Posted on May 23, 2005 in Washington Watch
Despite recent controversy, the thousands of pro-Israel activists gathering at the American Israel Public Affairs Committee’s (AIPAC) annual policy conference will find official Washington appearing to be as receptive as ever to the organization and its cause. But there are clouds over AIPAC and a persistent debate within the Jewish community that must be noted, as well.
Secretary of State Condoleezza Rice will deliver the Administration’s policy address. The Republican and Democratic leadership of both the US Senate and House of Representatives will speak and will be joined at the event by almost one-half of their respective bodies.
All of this, however, occurs against the backdrop of an FBI investigation into charges that a senior AIPAC official passed to the Israeli government classified reports which he is alleged to have received from Larry Franklin, the Pentagon official who has been indicted and arrested for his role in the affair. Steve Rosen, the lobby’s political mastermind for over two decades, though not yet charged, has been forced to resign from the organization after his offices were searched by law enforcement and he was called to appear before a Grand Jury.
As the Franklin-Rosen story unfolded, some questioned whether AIPAC would weather this storm. It appears that the organization has. But there are repercussions especially within the Jewish community.
Recent reports appearing in the Jewish press suggest a sharpening debate on several fronts.
We have known, for years, that a substantial majority of American Jews support a resolution of the Israeli-Palestinian conflict along the lines of the 2003 Geneva Accords. While several Jewish organizations have embraced such a progressive peace agenda, AIPAC has claimed to support the policy of the Israeli government in power. At times, however, AIPAC, not wanting to be outflanked by more rightist elements (within the Jewish community or the Christian right) has taken positions even more hardline than those publicly stated by the Sharon government. As a result, the group has been slow to embrace the “Road Map” and Sharon’s plan for “limited disengagement.” When President Bush pledged an increase in US aid to the Palestinian Authority, AIPAC, working with hardline members of Congress, supported placing humiliating conditions on that aid.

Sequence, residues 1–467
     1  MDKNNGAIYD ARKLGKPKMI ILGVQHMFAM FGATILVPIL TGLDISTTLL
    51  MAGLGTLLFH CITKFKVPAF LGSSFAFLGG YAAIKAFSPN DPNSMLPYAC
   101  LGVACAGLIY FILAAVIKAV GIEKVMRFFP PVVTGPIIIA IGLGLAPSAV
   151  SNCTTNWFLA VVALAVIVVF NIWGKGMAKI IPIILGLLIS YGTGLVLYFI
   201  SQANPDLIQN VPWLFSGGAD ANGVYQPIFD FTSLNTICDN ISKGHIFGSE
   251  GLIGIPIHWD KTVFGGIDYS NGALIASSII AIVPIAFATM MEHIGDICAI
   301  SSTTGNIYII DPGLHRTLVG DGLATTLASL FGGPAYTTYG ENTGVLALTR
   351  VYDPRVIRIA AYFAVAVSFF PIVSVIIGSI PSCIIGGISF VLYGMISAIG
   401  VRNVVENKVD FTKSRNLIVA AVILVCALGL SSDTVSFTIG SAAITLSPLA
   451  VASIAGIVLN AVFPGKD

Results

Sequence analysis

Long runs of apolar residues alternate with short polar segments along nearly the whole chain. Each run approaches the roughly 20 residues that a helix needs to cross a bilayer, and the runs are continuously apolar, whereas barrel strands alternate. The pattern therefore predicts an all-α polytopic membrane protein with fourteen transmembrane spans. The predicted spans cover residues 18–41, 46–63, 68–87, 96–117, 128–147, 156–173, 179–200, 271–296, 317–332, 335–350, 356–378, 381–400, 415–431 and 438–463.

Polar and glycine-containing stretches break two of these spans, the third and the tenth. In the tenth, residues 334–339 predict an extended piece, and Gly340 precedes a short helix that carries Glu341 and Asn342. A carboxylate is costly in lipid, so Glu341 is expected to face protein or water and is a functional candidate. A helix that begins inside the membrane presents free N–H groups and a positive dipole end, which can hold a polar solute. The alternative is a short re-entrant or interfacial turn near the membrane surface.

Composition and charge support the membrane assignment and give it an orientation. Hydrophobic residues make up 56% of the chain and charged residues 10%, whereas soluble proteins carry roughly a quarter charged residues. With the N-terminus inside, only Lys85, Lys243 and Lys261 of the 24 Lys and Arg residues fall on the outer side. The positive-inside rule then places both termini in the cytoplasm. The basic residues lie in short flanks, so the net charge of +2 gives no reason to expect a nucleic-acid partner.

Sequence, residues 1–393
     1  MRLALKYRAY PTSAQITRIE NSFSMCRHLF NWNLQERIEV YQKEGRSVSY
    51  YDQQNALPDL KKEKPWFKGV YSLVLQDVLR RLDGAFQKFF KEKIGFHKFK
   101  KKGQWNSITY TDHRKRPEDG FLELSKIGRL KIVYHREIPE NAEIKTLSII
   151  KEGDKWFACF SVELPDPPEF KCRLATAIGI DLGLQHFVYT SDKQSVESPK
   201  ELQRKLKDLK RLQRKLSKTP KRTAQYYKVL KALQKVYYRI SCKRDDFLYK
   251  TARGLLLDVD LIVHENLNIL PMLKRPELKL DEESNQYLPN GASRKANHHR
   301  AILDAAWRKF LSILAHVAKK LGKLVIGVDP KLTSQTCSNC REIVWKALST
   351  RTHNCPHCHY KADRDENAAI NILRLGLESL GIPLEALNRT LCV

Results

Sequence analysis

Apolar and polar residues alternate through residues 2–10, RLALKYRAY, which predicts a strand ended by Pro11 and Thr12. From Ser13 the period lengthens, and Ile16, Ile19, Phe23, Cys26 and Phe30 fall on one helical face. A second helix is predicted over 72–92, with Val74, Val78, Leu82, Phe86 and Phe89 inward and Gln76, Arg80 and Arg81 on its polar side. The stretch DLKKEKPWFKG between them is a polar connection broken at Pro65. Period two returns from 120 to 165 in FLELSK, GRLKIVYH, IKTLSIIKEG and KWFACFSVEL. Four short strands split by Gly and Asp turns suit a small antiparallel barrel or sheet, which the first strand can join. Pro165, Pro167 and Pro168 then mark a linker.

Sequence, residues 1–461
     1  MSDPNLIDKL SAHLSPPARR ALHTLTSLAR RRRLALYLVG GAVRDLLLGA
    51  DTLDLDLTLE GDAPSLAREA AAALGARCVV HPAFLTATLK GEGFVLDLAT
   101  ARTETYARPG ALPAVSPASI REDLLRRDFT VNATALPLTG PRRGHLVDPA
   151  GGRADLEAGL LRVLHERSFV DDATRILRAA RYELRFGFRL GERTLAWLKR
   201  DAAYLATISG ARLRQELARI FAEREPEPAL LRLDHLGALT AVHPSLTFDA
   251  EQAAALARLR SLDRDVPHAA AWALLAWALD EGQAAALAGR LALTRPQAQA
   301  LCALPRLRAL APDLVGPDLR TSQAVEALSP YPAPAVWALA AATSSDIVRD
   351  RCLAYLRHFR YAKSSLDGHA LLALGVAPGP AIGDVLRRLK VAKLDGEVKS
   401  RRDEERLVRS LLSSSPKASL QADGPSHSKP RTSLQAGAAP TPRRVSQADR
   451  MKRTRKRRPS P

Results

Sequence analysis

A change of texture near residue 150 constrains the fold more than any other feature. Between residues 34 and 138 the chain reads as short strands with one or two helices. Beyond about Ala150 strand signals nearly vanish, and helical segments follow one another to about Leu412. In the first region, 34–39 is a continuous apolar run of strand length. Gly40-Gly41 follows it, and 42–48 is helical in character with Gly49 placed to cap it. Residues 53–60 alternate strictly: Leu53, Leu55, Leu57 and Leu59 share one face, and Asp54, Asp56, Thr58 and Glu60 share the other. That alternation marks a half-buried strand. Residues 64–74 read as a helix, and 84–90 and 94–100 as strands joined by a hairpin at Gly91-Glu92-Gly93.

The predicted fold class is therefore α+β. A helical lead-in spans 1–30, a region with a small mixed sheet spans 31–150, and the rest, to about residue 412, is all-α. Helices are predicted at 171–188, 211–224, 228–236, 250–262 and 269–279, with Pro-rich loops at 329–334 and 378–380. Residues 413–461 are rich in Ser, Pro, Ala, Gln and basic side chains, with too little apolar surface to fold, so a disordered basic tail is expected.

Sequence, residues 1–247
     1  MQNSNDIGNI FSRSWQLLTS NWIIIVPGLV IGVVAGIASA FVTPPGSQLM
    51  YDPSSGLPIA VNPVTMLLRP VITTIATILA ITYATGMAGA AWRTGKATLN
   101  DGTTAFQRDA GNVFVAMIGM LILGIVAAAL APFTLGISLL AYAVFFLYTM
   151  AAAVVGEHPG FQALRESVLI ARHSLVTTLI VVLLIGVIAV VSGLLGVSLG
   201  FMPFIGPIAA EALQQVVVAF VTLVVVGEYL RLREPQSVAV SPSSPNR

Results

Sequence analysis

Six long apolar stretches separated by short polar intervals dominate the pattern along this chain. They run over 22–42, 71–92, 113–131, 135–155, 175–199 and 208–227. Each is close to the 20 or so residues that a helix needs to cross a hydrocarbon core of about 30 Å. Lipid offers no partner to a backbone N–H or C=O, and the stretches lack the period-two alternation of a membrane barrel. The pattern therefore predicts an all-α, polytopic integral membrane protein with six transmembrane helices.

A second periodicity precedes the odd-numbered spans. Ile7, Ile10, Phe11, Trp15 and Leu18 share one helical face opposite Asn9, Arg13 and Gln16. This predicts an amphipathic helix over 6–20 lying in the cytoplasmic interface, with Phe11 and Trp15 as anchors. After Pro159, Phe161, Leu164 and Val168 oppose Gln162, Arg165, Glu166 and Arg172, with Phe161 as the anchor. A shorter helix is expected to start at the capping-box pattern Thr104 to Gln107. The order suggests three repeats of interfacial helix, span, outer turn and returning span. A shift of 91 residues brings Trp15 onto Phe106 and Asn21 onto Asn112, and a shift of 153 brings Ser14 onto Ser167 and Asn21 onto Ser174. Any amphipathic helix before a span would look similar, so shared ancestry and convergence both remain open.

What has emerged, then, during the last decade-and-a-half, is the presence of two competing pro-Israel lobbies in Washington: one supporting hardline positions, the other, pro-peace.
The debate this has both reflected and helped spur within the Jewish community is both real and, at times, sharp, but it has not erupted into a public divide. Nevertheless, it is there, with both sides pressing their case within the Jewish community and on Capitol Hill.
There is another troubling debate just beginning to brew within the Jewish community, more directly tied to the Franklin-Rosen affair and that is the nature of the relationship that American Jews ought to have with Israel.